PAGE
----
1. SETTING UP THE MEETING
Arrange a time to talk with the employee in person. Do not procrastinate once you have made the decision.
Decide who is going to deliver the message. The employee’s manager is the best person to terminate the employee. The manager should be coached and receive guidance about how to conduct a termination meeting. Sometimes a witness should be present.
2. PICK A NEUTRAL PLACE
Use a conference room if such is available, the conversation should be private.
Consider the day on which to deliver the news. It is best to terminate an employee in the middle of the workweek rather than a Friday. Terminating mid-week allows the employee the opportunity to immediately begin a new job hunt.
Avoid terminating employees around holidays or dates of significance to the employee, such as his/her birthday.
3. COMMUNICATING THE DECISION
The actual meeting with the employee should be brief, respectful, and to the point.
Employer should engage in a candid, honest discussion about the reasons for the termination.
Employers who do not answer a truthful reason for a termination may risk legal exposure.
4. DO NOT EXAGGERATE
Do not exaggerate the employee’s poor performance or over-justify the decision.
Be firm and direct: Here is the decision, here are the reasons, and here is the information for what happens next.
The discharge should be carried out in a calm, professional, manner.
5. ADDRESS ADMINISTRATIVE ISSUES
The employee’s final paycheck, including any vacation pay should be available. The terminated employee should sign a written acknowledgement that the employee has received his/her final pay.
Employer should collect keys, badges, uniforms, cell phones and other company property, including the company’s employee handbook.
The employer should review the company’s confidentiality policy with the employee.
The law requires the employer to give the employee certain forms (see below).
6. MANAGING THE TRANSITION
After the termination meeting, notify other staff members as soon as possible to stop the rumor mill and deal with any morale issues, providing a simple, neutral explanation. Too many details may result in accusations of defamation.
The employer should also notify customers and clients, and assure them that the transition will be smooth.
7. WARNING: TERMINATING AN EXECUTIVE/KEY EMPLOYEE OR MEMBER OF A PROTECTED CLASS
A Separation and Release Agreement should be signed by the employee.
Contact an employment attorney prior to terminating the employee.
8. PROVIDE UP TO DATE REQUIRED FORMS TO SEPARATING EMPLOYEE: FIVE FORMS AN EMPLOYER MUST GIVE A TERMINATED EMPLOYEE
1. Notice of Change in Relationship found at: Click Here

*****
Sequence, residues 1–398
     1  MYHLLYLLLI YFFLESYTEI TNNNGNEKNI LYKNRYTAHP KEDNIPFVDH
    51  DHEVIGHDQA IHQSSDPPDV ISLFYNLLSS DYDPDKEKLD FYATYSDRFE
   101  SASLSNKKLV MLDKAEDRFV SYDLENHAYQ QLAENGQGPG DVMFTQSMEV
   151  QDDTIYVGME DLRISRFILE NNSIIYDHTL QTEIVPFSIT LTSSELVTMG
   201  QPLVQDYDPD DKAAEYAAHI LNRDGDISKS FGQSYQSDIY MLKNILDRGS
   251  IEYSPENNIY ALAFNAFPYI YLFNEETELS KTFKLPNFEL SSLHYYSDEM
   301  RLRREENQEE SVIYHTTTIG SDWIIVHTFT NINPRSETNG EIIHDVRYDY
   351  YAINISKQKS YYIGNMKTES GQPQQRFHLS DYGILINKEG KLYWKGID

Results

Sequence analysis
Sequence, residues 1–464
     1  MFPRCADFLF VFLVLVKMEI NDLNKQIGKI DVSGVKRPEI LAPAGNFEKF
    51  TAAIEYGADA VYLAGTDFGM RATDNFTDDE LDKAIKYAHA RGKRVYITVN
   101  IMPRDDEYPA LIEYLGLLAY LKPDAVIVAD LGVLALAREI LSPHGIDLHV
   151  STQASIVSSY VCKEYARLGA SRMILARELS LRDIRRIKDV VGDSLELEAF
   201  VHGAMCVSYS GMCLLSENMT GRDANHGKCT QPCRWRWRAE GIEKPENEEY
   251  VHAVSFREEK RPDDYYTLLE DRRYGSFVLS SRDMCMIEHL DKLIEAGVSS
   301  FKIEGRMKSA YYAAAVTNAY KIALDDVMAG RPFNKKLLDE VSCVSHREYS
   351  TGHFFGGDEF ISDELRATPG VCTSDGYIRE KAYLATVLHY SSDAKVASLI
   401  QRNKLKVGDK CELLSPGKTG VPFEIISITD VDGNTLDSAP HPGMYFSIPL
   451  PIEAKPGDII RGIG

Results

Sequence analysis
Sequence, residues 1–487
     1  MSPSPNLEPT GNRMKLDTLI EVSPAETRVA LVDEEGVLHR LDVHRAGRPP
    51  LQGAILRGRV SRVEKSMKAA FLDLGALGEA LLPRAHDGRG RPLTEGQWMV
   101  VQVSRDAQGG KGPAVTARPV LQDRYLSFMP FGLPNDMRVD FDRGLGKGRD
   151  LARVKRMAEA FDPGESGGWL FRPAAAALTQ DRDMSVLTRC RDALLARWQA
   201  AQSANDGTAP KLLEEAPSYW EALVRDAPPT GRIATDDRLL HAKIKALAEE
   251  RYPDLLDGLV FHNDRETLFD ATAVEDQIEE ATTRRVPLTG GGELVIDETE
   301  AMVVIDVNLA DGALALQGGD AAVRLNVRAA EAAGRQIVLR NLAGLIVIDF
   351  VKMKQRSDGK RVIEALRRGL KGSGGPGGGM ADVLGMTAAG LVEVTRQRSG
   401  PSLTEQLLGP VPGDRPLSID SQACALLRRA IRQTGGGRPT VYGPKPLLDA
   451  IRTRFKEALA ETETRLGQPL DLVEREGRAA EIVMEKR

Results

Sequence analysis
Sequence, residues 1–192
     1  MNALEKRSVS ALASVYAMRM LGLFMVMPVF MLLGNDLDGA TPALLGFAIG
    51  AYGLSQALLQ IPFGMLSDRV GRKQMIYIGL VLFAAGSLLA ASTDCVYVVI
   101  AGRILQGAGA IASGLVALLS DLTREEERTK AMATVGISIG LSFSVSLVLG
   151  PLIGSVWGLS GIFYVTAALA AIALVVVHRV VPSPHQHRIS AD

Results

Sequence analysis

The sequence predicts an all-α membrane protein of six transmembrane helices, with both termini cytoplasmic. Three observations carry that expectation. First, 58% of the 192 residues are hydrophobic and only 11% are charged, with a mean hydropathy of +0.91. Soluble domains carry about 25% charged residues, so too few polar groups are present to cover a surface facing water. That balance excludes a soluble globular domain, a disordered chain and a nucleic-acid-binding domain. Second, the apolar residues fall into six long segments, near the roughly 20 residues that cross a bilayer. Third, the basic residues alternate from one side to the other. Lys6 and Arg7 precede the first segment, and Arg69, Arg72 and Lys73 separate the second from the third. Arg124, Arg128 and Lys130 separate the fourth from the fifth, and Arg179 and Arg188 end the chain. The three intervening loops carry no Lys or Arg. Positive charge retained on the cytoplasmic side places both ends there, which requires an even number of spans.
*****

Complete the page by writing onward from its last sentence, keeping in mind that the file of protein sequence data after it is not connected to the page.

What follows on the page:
2. “For Your Benefits” brochure published by the EDD (EDD Form DE2320) found at: Click Here
3. California Health Insurance Premium Payment (HIPP) Notice found at: Click Here
4. An employee or his/her dependents losing group health coverage may be eligible for COBRA continuation of coverage and must receive a COBRA Continuation Coverage Election Notice which outlines all the rights under this extensive law. This Notice does not have to be delivered to the employee on the final work day. However, timing and proof of delivery are very important under this law. The employer must notify the plan administrator within 30 days of the employee’s loss of coverage. The plan administrator must send to the employee (and covered dependents) the Notice within 14 days. COBRA Notices will vary. We suggest you contact your insurance carrier first.
Employers with 20 or fewer employees will be covered by Cal-COBRA and will have these notification services completed by the insurance carrier. Larger employers will have to administer this notification process internally or hire a third party to do so. Penalties for delaying this Notice are significant, ranging from $100/day for each day of non-compliance to $500,000 or 10% of the health plan costs (whichever is less) for major violations.
5. Employees who also have profit sharing, retirement funds, 401k, etc. should also receive notice of the options of the disbursement of these funds, although this does not have to be done by the last day of work. Each plan should have a notice period set out in the plan documents.
6. An employee whose employment is separated may request a W-2 prior to the normal January cycle. If requested, the W-2 must be sent for all wages paid during the current calendar year. The form must be sent within 30 days of the request or, if later, within 30 days of your last payment of wages to the employee.